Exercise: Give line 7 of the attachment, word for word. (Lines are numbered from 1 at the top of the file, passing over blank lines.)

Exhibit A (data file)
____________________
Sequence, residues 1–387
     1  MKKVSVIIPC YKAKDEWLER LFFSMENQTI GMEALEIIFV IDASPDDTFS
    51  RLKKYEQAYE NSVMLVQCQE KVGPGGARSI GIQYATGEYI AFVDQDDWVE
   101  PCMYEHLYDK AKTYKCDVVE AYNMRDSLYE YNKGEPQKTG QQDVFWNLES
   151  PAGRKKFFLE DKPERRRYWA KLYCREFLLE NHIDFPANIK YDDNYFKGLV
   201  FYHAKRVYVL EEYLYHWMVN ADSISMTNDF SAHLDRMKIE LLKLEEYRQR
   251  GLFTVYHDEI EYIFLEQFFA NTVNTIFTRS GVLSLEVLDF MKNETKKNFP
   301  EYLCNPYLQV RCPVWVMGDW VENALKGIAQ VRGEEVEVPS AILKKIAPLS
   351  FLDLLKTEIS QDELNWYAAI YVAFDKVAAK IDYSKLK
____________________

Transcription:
   251  GLFTVYHDEI EYIFLEQFFA NTVNTIFTRS GVLSLEVLDF MKNETKKNFP